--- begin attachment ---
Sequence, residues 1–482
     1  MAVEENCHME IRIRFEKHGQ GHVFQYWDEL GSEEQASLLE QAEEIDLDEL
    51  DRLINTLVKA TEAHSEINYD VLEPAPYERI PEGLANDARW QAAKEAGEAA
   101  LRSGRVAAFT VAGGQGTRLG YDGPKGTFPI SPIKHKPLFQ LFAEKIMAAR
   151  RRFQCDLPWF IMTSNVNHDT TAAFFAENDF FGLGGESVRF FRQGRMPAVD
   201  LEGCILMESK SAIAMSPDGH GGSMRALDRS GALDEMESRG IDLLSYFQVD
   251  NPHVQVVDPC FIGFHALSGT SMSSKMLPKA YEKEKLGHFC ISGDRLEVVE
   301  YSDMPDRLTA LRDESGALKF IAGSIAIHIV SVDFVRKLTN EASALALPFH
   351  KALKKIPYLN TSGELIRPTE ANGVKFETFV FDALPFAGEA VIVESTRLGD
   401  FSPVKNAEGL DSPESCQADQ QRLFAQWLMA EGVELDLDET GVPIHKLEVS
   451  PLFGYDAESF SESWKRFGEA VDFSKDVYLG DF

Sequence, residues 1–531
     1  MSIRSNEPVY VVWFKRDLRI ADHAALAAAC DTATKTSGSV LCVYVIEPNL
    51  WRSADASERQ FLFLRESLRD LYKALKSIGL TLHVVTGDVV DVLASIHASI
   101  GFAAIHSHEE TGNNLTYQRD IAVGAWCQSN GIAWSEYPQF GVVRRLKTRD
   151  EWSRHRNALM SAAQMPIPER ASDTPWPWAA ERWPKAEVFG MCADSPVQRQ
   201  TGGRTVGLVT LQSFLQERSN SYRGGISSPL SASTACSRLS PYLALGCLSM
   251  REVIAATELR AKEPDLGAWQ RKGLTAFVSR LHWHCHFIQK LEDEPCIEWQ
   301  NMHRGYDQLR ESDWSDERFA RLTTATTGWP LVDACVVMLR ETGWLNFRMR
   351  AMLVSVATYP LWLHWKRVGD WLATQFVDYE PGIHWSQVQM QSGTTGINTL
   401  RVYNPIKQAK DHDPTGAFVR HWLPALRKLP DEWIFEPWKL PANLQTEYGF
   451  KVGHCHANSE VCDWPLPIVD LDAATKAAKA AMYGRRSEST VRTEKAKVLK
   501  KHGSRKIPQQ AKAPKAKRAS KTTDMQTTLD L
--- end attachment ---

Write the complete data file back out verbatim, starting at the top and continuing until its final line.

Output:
Sequence, residues 1–482
     1  MAVEENCHME IRIRFEKHGQ GHVFQYWDEL GSEEQASLLE QAEEIDLDEL
    51  DRLINTLVKA TEAHSEINYD VLEPAPYERI PEGLANDARW QAAKEAGEAA
   101  LRSGRVAAFT VAGGQGTRLG YDGPKGTFPI SPIKHKPLFQ LFAEKIMAAR
   151  RRFQCDLPWF IMTSNVNHDT TAAFFAENDF FGLGGESVRF FRQGRMPAVD
   201  LEGCILMESK SAIAMSPDGH GGSMRALDRS GALDEMESRG IDLLSYFQVD
   251  NPHVQVVDPC FIGFHALSGT SMSSKMLPKA YEKEKLGHFC ISGDRLEVVE
   301  YSDMPDRLTA LRDESGALKF IAGSIAIHIV SVDFVRKLTN EASALALPFH
   351  KALKKIPYLN TSGELIRPTE ANGVKFETFV FDALPFAGEA VIVESTRLGD
   401  FSPVKNAEGL DSPESCQADQ QRLFAQWLMA EGVELDLDET GVPIHKLEVS
   451  PLFGYDAESF SESWKRFGEA VDFSKDVYLG DF

Sequence, residues 1–531
     1  MSIRSNEPVY VVWFKRDLRI ADHAALAAAC DTATKTSGSV LCVYVIEPNL
    51  WRSADASERQ FLFLRESLRD LYKALKSIGL TLHVVTGDVV DVLASIHASI
   101  GFAAIHSHEE TGNNLTYQRD IAVGAWCQSN GIAWSEYPQF GVVRRLKTRD
   151  EWSRHRNALM SAAQMPIPER ASDTPWPWAA ERWPKAEVFG MCADSPVQRQ
   201  TGGRTVGLVT LQSFLQERSN SYRGGISSPL SASTACSRLS PYLALGCLSM
   251  REVIAATELR AKEPDLGAWQ RKGLTAFVSR LHWHCHFIQK LEDEPCIEWQ
   301  NMHRGYDQLR ESDWSDERFA RLTTATTGWP LVDACVVMLR ETGWLNFRMR
   351  AMLVSVATYP LWLHWKRVGD WLATQFVDYE PGIHWSQVQM QSGTTGINTL
   401  RVYNPIKQAK DHDPTGAFVR HWLPALRKLP DEWIFEPWKL PANLQTEYGF
   451  KVGHCHANSE VCDWPLPIVD LDAATKAAKA AMYGRRSEST VRTEKAKVLK
   501  KHGSRKIPQQ AKAPKAKRAS KTTDMQTTLD L